When buying a home, there are several costs homeowners must consider that are not covered by the mortgage loan. These additional expenses include homeowner’s association fees, utilities and repair costs.
Understanding these additional costs will help you avoid being “house poor,” where you spend so much of your income on housing that it limits other discretionary spending. This article will cover 5 costs to budget for when buying a home.
1. Down Payment
One of the first costs homeowners must consider is how much to put down. The amount you need to pay upfront is generally a percentage of the home’s purchase price, while the remainder is paid with a mortgage or home loan.
Typically, you’ll need to make a down payment of 20% or more of the home’s purchase price. However, it’s possible to buy a house with less than 20% down if you qualify for a specific mortgage program.
It’s important to avoid putting down all of your savings toward the down payment, because it may stretch your finances too thin. It’s also a good idea to keep an emergency fund in case expenses arise during homeownership. This could include anything from a leaky roof to an unexpected illness.
2. Closing Costs
The down payment isn’t the only amount you’ll need to bring to the closing table. Closing costs are one-time fees charged by lenders and third parties to process the loan. They also include prepaid expenses such as property taxes, homeowners insurance, and mortgage insurance premiums.
Most lenders list closing costs in a document called the Loan Estimate that you receive within three days of submitting your mortgage application. Those closing costs are typically around 2-5% of the home purchase price.
Buyers can sometimes negotiate seller concessions to pay some or all of their closing costs using sale proceeds. But this arrangement increases the mortgage principal, and therefore, your monthly payments. The lender may also allow you to buy down your interest rate by paying discount points, which are additional upfront charges that reduce the annual cost of the loan.
Homeownership comes with a number of different fees that you may not be aware of. Some are upfront costs, while others come each month or seasonally. These include utility costs, homeowners insurance and property taxes.
Before buying a home, it’s important to estimate the cost of utilities. This will help you budget and plan accordingly. It’s also a good way to see if the house you’re
interested in is efficient enough to save money on energy bills.
A real estate agent can help you get a better idea of what utility costs will be in a particular area by asking for previous electric, water and gas bills. This will give you a ballpark figure of what to expect. You can also use online tools to calculate average costs in a given area.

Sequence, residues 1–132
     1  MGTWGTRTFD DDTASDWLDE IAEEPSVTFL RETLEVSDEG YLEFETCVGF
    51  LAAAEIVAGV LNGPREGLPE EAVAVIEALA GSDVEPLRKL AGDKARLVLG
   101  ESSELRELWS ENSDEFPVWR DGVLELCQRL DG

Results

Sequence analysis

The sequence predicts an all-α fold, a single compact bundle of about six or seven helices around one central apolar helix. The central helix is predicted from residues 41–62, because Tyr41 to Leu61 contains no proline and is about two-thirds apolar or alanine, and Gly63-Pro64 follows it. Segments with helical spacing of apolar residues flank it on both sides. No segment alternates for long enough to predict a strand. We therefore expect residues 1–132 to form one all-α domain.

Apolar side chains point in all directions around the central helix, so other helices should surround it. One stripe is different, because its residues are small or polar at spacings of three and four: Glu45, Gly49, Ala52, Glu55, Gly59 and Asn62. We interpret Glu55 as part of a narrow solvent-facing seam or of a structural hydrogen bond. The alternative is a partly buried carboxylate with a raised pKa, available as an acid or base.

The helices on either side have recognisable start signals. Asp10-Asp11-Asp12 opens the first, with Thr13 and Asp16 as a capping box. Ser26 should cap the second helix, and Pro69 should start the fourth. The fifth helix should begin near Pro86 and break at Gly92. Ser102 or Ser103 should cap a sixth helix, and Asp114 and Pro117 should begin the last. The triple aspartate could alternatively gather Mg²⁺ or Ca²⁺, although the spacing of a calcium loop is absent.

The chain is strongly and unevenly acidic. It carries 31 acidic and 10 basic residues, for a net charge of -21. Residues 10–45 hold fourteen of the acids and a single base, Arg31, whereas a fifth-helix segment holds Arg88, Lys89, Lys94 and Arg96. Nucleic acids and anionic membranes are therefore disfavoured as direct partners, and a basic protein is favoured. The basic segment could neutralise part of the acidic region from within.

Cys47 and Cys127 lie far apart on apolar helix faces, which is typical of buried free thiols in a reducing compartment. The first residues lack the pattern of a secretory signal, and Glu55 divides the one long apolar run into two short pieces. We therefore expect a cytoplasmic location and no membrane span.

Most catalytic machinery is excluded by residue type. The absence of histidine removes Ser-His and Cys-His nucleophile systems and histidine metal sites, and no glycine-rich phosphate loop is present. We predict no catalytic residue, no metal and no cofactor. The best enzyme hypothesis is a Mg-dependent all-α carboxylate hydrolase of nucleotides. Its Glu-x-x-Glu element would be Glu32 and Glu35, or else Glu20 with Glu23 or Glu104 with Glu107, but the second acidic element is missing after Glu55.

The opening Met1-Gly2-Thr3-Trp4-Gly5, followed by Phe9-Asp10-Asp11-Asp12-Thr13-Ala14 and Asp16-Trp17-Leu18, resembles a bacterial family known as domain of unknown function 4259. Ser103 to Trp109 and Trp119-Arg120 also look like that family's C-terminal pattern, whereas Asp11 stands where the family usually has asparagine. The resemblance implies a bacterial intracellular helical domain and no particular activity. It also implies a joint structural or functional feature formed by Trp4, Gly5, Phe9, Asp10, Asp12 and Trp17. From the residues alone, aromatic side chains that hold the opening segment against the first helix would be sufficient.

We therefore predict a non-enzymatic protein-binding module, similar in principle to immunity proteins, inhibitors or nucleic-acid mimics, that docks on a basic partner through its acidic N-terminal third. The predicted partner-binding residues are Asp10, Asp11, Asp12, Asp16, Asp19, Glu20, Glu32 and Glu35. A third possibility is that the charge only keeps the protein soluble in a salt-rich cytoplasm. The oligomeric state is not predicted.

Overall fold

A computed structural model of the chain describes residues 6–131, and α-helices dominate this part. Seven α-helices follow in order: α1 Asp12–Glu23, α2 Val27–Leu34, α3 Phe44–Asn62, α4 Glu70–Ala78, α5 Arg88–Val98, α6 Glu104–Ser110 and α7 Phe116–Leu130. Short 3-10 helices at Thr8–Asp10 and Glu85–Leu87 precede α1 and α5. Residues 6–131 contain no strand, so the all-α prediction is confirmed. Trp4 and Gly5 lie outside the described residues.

While touring homes is fun, it’s important to be aware of the ongoing maintenance costs associated with homeownership. Regardless of the age and size of your new home, wear-and-tear will happen, and that’s why you should always budget for repairs.
Some experts recommend that homeowners save 1% of their home’s purchase price to cover annual repair and maintenance expenses. However, this number can vary based on the exact location and size of your home. Others recommend a home warranty as an investment and peace of mind when it comes to repairs. Educating yourself is important so that you know your home warranty options or what the warranty covers altogether.
Other rules of thumb to consider include the square foot rule, which suggests you should save $1 per livable space within your home each year. And don’t forget to account for interior design costs, which can include furniture, window treatments
and fixtures. A recent survey from insurance company Hippo found that most new homeowners experience a major repair within the first year of owning their home.
When you buy a home, there are a variety of one-time costs that must be paid. These include closing costs, a home inspection and a title insurance policy. Closing costs typically fall between 2% and 6% of the purchase price.
New homeowners should also budget for property taxes and homeowner’s insurance. Some lenders will have you pay these through an escrow account, while others may require that you pay them in a lump sum each year.
It’s also a good idea to set aside money for unexpected expenses, such as maintenance or repairs. One rule of thumb is to save 1% of your home’s value each year for maintenance costs. Buying a house can be an exciting milestone, but it comes with many hidden and not-so-hidden costs. Budgeting for these expenses can help ensure that a mortgage is within your comfort range and keep you from overspending or taking on debt.